“He” would be Robert Poole of The Reason Foundation and that quote was from the June 11, 2002 issue of The San Francisco Chronicle. I’ll provide several clips from the article but I encourage you to read the whole thing and refresh your memory.
Bush hints at private controllers
New order changes Clinton air traffic plan
”President Bush has taken the first step toward possibly privatizing air traffic control services, a move that delivers on a campaign theme of injecting a business sense into government work but an initiative that infuriates labor leaders.
He made the overture in a little-noticed executive order in which he stripped air traffic control of its "inherently governmental" designation, opening the door to privatization. “
”Labor leaders trace Bush's embrace of air traffic control privatization to the Reason Foundation, a Los Angeles think tank that endorses limited government and whose transportation specialist, Robert Poole Jr., was a Bush campaign adviser and present during the White House transition. “
”John Carr, president of the controllers union, said the timing of the Bush order is particularly surprising, coming so soon after the tragedies of Sept. 11, when air traffic controllers played vital roles for maintaining public safety. “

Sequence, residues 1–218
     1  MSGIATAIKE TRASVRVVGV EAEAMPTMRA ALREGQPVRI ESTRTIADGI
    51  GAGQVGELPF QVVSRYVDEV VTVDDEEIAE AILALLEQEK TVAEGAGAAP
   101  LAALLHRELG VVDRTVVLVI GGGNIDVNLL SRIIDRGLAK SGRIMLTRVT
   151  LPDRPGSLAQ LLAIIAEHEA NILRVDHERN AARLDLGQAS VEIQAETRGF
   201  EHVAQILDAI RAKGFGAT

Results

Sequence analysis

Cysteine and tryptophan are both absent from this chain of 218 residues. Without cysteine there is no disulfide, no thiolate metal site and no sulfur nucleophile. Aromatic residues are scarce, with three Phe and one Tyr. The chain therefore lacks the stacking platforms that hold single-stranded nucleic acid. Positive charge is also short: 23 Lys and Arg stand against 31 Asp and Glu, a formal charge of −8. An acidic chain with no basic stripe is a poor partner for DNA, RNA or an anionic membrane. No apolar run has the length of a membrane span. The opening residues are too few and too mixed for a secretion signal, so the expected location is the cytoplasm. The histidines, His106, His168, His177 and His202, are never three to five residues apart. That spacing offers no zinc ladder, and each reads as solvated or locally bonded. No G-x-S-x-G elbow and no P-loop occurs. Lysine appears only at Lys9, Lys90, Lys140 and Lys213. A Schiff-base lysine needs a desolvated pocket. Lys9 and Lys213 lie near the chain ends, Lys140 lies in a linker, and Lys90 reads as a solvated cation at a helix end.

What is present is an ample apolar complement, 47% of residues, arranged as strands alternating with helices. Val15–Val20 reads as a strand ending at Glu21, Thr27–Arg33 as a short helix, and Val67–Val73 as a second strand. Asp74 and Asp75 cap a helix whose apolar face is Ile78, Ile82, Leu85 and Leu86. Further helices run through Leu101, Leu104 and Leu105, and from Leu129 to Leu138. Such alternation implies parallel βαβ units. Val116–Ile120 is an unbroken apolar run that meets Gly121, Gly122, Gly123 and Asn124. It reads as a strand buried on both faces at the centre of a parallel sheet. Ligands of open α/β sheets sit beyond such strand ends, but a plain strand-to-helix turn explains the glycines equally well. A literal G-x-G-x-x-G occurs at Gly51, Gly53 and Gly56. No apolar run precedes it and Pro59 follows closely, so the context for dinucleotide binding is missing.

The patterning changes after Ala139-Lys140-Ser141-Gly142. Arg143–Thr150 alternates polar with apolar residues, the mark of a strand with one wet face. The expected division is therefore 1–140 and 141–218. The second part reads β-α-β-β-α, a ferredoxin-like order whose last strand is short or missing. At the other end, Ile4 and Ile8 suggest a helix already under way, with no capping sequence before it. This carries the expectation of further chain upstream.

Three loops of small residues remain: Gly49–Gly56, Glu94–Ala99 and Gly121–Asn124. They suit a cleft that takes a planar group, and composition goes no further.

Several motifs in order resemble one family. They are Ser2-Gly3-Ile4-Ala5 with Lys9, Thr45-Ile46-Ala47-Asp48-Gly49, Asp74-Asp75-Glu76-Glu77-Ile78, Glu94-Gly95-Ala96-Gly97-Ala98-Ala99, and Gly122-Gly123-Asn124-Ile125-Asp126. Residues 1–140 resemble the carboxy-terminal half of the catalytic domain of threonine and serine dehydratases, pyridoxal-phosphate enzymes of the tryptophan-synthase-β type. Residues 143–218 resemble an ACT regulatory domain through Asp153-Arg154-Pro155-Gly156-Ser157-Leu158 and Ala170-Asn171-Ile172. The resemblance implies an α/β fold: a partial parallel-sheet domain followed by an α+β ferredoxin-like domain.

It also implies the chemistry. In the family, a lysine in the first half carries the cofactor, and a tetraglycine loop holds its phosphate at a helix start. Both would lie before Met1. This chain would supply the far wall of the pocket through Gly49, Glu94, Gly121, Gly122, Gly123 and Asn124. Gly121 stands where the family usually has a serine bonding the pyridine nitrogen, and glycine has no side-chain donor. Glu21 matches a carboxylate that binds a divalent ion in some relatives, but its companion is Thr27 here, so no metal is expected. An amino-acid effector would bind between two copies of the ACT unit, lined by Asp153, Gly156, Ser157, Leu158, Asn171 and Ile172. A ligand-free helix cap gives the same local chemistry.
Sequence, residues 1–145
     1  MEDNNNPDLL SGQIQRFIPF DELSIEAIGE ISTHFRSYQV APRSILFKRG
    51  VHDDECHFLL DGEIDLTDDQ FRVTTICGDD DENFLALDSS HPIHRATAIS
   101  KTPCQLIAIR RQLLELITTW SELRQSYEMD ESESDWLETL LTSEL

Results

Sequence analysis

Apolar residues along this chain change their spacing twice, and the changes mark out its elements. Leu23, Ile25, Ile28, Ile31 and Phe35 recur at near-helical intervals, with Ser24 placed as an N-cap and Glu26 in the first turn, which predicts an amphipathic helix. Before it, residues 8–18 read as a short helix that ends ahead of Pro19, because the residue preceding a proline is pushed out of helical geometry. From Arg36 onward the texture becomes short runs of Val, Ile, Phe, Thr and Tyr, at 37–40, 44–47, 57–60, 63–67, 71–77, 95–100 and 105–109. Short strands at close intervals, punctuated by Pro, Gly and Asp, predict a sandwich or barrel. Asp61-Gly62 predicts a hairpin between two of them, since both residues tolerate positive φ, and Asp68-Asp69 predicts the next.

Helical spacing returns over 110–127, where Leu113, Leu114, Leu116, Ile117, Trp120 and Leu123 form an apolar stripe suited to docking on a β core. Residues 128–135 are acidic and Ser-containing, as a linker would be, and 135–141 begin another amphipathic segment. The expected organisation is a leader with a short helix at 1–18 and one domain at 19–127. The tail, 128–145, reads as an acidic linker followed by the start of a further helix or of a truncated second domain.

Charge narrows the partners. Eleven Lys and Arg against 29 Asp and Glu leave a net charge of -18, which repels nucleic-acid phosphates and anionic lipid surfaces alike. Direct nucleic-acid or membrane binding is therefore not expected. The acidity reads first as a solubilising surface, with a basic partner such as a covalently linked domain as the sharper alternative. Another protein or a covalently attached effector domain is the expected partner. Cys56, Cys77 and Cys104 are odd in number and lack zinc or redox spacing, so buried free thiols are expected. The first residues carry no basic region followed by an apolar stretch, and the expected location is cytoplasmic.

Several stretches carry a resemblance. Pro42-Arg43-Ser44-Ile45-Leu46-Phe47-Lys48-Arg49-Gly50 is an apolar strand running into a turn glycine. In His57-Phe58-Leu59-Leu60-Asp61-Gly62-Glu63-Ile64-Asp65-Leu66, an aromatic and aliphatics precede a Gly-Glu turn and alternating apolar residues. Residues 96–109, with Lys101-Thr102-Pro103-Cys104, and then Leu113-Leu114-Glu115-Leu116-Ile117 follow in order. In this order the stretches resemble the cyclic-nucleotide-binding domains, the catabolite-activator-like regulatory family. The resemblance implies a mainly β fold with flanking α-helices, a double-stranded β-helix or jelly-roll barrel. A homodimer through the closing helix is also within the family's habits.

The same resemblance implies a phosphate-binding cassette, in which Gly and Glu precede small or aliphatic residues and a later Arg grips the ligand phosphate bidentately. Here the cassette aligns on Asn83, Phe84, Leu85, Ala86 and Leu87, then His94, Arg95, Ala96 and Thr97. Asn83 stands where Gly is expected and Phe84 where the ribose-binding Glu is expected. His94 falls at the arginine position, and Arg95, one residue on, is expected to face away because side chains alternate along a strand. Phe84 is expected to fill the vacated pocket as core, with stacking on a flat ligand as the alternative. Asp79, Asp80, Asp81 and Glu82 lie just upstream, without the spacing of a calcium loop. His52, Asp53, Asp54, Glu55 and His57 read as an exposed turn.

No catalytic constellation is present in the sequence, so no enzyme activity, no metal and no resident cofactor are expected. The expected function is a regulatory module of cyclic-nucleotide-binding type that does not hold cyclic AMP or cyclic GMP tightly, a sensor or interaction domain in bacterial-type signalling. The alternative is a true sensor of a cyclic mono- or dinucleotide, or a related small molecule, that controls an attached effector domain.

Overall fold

”Phil Boyer, the president of another aviation union, the Aircraft Owners and Pilots Association, said, "We're absolutely flabbergasted that the administration thinks that aviation security and safety aren't a government function. This administration's position is particularly incomprehensible at a time when the government is taking airport security functions away from private industry and consolidating homeland security into a huge new department." “
Most of my readers will recognize John Carr from his blog, The Main Bang. Most also know that AOPA isn’t a union but an association.